• To test how much suds and foam form with dish liquid, put a few squirts into a cup and fill it with water. The top of the glass should form a substantial foamy head, similar to a beer.
• Put a few squirts of dishwasher detergent gel into a second glass and fill it with water. This demonstrates how the gel forms far less foam and suds than the dish liquid. The dishwasher detergent gel is meant to go in the dishwasher, not the dish liquid
• To see what happens when the wrong soap is put in the dishwasher, fill the soap dispenser with the dish liquid.
• When the soap dispenser door is released during the wash cycle, foam and suds begin to encompass the basin.
• Soap clogs the wash arm in the center of the dishwasher basin.
• Suds begin to drip out the sides of the dishwasher and onto the floor.
• If this mistake ever happens, clean out the entire dishwasher with a wet/dry vacuum cleaner before running another cycle. Otherwise, the same thing could happen because the soap is so concentrated and will remain in the dishwasher.
Steps for How to Choose a Countertop
1. Visit a showroom that has full-scale kitchens on displays. There you’ll see various countertop materials in realistic kitchen settings.
2. Laminate counters are composed of thin sheets of plastic laminate glued to a particleboard substrate.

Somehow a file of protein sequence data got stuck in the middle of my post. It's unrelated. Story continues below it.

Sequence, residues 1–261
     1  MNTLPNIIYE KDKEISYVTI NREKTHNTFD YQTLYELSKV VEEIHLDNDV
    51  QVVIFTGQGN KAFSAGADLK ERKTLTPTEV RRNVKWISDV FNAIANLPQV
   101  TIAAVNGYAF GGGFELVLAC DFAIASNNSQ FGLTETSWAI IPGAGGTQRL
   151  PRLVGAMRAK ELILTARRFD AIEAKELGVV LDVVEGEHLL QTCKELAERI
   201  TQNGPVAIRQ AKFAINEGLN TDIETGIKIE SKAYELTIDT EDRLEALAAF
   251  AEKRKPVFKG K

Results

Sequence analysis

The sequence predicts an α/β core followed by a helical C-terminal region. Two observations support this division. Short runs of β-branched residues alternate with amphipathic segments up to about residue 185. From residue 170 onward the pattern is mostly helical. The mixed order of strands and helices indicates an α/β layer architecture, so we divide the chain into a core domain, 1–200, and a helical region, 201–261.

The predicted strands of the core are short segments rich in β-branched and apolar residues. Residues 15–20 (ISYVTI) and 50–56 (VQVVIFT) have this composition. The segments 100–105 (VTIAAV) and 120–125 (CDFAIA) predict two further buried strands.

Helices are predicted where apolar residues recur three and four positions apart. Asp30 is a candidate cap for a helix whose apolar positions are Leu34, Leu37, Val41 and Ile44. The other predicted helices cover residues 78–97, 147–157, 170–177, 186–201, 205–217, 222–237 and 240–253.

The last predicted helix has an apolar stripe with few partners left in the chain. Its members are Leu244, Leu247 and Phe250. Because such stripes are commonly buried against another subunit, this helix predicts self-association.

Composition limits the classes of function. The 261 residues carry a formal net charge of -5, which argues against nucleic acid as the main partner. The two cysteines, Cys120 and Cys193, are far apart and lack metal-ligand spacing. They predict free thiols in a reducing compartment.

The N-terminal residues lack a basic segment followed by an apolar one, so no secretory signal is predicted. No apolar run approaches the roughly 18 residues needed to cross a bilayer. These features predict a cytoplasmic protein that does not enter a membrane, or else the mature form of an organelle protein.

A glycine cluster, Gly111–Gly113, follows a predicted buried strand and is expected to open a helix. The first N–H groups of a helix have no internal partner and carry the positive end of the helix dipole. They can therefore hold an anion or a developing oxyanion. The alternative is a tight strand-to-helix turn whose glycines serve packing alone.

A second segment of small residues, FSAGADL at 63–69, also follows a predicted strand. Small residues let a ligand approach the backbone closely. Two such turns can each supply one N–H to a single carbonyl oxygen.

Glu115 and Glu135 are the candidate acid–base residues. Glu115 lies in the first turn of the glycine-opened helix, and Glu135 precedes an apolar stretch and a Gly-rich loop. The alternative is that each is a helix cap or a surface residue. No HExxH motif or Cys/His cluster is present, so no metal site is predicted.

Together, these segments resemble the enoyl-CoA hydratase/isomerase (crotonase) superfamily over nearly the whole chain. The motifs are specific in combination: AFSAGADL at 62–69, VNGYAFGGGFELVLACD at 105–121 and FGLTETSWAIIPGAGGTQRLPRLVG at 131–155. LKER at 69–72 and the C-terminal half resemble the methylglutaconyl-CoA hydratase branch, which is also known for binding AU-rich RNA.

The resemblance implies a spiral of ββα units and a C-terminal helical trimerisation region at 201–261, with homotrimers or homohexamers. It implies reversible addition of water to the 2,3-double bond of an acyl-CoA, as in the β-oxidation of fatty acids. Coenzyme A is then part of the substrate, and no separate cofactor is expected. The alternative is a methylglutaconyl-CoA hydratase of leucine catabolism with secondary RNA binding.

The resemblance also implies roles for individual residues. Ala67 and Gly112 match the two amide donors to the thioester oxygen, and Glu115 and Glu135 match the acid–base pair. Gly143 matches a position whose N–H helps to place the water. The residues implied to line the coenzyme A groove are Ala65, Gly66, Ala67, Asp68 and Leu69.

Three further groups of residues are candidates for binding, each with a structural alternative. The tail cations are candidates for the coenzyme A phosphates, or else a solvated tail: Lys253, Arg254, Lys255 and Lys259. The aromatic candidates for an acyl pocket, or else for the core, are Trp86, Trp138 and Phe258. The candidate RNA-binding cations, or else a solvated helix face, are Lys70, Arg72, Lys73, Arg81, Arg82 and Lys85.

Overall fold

3. Plastic laminate comes in a wide range of solid colors and patterns, including ones that resemble stone.
4. Wood counters are available in several hardwood species, including teak and maple.
5. Don’t use wood counters near sinks or other wet areas.
6. Natural stone counters are cut from granite, marble, soapstone, limestone, sandstone, and slate, to name a few.
7. Note that natural stone is porous, so it must be sealed regularly to prevent staining.
8. An alternative to natural stone is an engineered product called quartz composite. It’s extremely hard and more stain-resistant that natural stone.
9. If you’re interested in a natural stone counter, visit a stone fabrication yard and view the full-size slabs in person.
10. Marble is a popular countertop material, but because it’s calcium-based, it’s softer and less scratch-resistant than granite. Marble must also be sealed more often.
11. Marble can be factory-sealed prior to fabrication, which dramatically increases its stain resistance.
12. The marble slab is placed in an oven and warmed to open up its pores.
13. Next, liquid penetrating sealer is sprayed onto the warm surface, and then buffing wheels evenly distribute the sealer and force it deep into the surface of the marble.